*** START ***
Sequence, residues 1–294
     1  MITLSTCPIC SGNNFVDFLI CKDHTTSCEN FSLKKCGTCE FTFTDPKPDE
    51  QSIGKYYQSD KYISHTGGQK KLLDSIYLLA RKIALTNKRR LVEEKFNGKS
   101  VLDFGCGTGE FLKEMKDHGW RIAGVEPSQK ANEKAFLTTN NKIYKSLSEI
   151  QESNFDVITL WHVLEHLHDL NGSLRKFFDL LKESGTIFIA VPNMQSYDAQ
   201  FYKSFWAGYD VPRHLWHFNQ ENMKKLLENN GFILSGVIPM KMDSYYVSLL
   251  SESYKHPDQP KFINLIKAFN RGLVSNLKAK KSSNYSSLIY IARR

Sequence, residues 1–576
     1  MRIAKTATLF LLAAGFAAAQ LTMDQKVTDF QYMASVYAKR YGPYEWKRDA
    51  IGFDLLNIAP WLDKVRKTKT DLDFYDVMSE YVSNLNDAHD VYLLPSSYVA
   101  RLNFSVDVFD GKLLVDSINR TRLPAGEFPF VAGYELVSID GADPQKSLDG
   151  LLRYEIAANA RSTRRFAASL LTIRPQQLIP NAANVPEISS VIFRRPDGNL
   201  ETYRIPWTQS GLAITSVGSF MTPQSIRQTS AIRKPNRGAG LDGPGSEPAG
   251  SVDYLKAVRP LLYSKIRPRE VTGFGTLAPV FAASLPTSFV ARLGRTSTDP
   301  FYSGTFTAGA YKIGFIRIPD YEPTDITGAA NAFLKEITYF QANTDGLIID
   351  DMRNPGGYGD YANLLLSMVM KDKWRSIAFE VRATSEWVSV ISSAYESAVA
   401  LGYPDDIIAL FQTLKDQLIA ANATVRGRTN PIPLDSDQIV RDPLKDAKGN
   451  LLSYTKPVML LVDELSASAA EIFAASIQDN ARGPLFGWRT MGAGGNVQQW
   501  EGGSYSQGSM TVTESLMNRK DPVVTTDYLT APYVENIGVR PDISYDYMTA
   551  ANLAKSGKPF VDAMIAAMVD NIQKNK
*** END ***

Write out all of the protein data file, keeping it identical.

Sequence, residues 1–294
     1  MITLSTCPIC SGNNFVDFLI CKDHTTSCEN FSLKKCGTCE FTFTDPKPDE
    51  QSIGKYYQSD KYISHTGGQK KLLDSIYLLA RKIALTNKRR LVEEKFNGKS
   101  VLDFGCGTGE FLKEMKDHGW RIAGVEPSQK ANEKAFLTTN NKIYKSLSEI
   151  QESNFDVITL WHVLEHLHDL NGSLRKFFDL LKESGTIFIA VPNMQSYDAQ
   201  FYKSFWAGYD VPRHLWHFNQ ENMKKLLENN GFILSGVIPM KMDSYYVSLL
   251  SESYKHPDQP KFINLIKAFN RGLVSNLKAK KSSNYSSLIY IARR

Sequence, residues 1–576
     1  MRIAKTATLF LLAAGFAAAQ LTMDQKVTDF QYMASVYAKR YGPYEWKRDA
    51  IGFDLLNIAP WLDKVRKTKT DLDFYDVMSE YVSNLNDAHD VYLLPSSYVA
   101  RLNFSVDVFD GKLLVDSINR TRLPAGEFPF VAGYELVSID GADPQKSLDG
   151  LLRYEIAANA RSTRRFAASL LTIRPQQLIP NAANVPEISS VIFRRPDGNL
   201  ETYRIPWTQS GLAITSVGSF MTPQSIRQTS AIRKPNRGAG LDGPGSEPAG
   251  SVDYLKAVRP LLYSKIRPRE VTGFGTLAPV FAASLPTSFV ARLGRTSTDP
   301  FYSGTFTAGA YKIGFIRIPD YEPTDITGAA NAFLKEITYF QANTDGLIID
   351  DMRNPGGYGD YANLLLSMVM KDKWRSIAFE VRATSEWVSV ISSAYESAVA
   401  LGYPDDIIAL FQTLKDQLIA ANATVRGRTN PIPLDSDQIV RDPLKDAKGN
   451  LLSYTKPVML LVDELSASAA EIFAASIQDN ARGPLFGWRT MGAGGNVQQW
   501  EGGSYSQGSM TVTESLMNRK DPVVTTDYLT APYVENIGVR PDISYDYMTA
   551  ANLAKSGKPF VDAMIAAMVD NIQKNK